THEODORE STEPHEN NEUHOF, BARON VON (c. 1690-1756), German adventurer and for a short time nominal king of Corsica, was a son of a Westphalian nobleman and was born at Metz. Educated at the court of France, he served first in the French army and then in that of Sweden. Baron de Goertz, minister to Charles XII., realizing Neuhof's capacity for intrigue, sent him to England and Spain to negotiate with Cardinal Alberoni. Having failed in this mission he returned to Sweden and then went to Spain, where he was made colonel and married one of the queen's ladies-in-waiting. Deserting his wife soon afterwards he repaired to France and became mixed up in Law's financial affairs; then he wandered about Portugal, Holland and Italy, and at Genoa he made the acquaintance of some Corsican prisoners and exiles, whom he persuaded that he could free their country from Genoese tyranny if they made him king of the island. With their help and that of the bey of Tunis he landed in Corsica in March 1736, where the islanders, believing his statement that he had the support of several of the great powers, proclaimed him king. He assumed the style of Theodore I., issued edicts, instituted an order of knighthood, and waged war on the Genoese, at first with some success. But he was eventually defeated, and civil broils soon broke out in the island; the Genoese having put a price on his head and published an account of his antecedents, he left Corsica in November 1736, ostensibly to seek foreign assistance. After trying in vain to induce the grand duke of Tuscany to recognize him, he started off on his wanderings once more until he was arrested for debt in Amsterdam. On regaining his freedom he sent his nephew to Corsica with a supply of arms; he himself returned to the island in 1 73 8, 1 739 and 1743, but the combined Genoese and French forces and the growing strength of the party opposed to him again drove him to wandering about Europe. Arrested for debt in London he regained his freedom by mortgaging his "kingdom" of Corsica, and subsisted on the charity of Horace Walpole and some other friends until his death in London on the 11th of December 1756. His only son, Frederick (c. 1725-1797), served in the army of Frederick the Great and afterwards acted as agent in London for the grand-duke of Wurttemberg.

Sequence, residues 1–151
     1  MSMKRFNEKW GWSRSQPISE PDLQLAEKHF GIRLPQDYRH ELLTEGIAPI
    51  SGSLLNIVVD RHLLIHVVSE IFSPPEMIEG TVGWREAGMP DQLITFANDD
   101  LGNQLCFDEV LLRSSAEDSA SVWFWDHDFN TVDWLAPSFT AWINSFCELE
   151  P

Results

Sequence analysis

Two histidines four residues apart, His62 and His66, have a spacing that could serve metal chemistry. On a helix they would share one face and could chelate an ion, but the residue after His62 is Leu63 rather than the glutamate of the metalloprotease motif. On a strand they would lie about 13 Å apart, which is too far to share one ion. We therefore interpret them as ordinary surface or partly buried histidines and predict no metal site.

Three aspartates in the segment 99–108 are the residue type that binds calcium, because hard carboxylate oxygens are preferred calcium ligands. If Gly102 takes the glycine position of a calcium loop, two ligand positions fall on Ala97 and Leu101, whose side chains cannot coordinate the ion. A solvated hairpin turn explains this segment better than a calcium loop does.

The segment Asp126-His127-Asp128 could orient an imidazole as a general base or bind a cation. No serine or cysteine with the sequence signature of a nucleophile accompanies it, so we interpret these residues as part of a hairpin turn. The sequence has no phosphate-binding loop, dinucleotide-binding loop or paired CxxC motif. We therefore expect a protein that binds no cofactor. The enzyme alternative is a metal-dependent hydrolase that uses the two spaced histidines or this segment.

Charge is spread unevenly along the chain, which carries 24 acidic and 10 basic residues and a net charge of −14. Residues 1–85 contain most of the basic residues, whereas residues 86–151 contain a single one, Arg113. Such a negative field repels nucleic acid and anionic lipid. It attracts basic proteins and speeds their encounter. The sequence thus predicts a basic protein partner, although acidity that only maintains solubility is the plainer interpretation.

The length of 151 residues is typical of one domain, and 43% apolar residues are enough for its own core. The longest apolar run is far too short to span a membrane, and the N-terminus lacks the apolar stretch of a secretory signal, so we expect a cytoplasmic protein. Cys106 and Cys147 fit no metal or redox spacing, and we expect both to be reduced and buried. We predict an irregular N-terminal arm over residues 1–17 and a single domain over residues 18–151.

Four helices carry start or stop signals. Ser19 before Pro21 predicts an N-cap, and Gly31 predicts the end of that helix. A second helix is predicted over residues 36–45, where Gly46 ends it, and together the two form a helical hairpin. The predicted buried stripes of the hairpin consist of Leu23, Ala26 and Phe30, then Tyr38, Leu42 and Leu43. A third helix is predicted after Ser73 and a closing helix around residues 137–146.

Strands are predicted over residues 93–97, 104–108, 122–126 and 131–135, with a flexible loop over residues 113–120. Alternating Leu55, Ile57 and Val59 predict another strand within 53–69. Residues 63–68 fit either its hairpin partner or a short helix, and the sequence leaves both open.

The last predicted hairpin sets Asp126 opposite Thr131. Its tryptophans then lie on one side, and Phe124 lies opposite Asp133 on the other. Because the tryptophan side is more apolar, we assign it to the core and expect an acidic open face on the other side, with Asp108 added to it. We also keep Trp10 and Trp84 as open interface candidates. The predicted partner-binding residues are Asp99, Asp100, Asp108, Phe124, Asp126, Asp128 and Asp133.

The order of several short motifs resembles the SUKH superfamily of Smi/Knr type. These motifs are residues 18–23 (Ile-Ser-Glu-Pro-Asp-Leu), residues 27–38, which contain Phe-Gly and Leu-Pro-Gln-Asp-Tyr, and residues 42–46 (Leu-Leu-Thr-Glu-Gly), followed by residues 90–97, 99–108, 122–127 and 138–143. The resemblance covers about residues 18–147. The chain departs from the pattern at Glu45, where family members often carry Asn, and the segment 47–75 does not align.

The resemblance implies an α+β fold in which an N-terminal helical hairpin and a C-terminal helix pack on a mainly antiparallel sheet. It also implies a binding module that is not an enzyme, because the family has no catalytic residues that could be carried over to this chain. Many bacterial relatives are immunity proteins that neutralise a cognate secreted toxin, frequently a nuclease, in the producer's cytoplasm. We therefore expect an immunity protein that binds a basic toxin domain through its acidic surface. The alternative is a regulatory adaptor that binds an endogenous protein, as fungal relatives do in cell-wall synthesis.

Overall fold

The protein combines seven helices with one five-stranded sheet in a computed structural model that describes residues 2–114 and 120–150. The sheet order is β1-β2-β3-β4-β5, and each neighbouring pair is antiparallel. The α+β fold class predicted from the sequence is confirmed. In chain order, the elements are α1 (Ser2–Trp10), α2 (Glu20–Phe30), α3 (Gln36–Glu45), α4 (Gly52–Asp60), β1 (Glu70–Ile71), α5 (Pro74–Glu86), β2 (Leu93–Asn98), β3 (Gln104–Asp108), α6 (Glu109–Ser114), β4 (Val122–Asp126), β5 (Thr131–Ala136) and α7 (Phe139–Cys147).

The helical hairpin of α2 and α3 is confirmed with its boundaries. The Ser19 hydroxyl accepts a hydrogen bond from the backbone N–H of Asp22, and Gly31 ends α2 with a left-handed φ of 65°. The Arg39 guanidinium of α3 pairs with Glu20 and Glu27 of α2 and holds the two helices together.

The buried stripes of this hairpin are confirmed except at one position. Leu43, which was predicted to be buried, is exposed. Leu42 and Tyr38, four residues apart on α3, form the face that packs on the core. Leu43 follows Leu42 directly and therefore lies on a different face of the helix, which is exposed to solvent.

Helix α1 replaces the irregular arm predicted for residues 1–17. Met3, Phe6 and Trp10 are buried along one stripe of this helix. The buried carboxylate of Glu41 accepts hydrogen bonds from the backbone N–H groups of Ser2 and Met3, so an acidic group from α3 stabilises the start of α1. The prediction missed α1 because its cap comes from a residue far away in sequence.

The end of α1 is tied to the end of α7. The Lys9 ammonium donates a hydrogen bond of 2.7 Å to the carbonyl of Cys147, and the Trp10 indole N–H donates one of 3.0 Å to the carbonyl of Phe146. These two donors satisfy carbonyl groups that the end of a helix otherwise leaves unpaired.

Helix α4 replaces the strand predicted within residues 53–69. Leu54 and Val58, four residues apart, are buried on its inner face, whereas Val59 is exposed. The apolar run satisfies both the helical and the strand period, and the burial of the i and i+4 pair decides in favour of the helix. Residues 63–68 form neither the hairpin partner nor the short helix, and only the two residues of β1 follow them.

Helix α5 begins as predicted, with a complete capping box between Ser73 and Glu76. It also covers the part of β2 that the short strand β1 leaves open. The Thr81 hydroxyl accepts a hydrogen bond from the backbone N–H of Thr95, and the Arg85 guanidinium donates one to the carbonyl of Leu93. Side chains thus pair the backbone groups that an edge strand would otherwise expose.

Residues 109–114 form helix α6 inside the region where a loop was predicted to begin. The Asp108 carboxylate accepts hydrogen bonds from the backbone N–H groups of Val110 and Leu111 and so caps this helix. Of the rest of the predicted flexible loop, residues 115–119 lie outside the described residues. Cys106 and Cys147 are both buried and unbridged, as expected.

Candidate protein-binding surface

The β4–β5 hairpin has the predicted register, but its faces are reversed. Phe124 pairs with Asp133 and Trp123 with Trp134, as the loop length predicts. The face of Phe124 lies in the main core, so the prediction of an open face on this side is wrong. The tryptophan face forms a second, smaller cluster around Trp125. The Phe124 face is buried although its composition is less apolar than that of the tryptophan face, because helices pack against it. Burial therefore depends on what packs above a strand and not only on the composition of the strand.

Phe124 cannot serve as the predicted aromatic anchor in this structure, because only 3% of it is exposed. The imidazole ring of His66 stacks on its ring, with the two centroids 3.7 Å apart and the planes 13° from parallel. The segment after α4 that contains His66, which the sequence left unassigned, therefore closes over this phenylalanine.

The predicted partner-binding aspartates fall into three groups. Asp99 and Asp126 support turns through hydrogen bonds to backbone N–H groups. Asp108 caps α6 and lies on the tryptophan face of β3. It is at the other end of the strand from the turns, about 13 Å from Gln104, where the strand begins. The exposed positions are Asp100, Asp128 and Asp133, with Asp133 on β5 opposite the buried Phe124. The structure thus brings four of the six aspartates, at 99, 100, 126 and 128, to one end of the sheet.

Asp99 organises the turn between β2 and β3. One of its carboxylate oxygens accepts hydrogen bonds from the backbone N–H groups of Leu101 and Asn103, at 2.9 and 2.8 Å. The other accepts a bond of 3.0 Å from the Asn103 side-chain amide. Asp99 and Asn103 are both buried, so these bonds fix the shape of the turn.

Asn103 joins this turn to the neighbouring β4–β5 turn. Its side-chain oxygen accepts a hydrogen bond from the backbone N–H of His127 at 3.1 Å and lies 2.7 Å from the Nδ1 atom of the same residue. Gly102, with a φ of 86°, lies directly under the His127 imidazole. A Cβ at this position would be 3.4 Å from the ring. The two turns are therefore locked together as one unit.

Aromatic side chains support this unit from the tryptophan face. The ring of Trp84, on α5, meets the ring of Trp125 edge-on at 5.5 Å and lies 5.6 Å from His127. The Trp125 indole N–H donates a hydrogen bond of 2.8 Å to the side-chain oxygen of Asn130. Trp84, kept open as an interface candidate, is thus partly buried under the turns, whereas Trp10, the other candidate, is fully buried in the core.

Frederick wrote an account of his father's life, Memoires pour servir a l'histoire de la Corse, and also an English translation, both published in London in 1768. In 1795 he published a new edition on Description of Corsica with an account of its union to the crown of Great Britain. See also Fitzgerald, King Theodore of Corsica (London, 1890).
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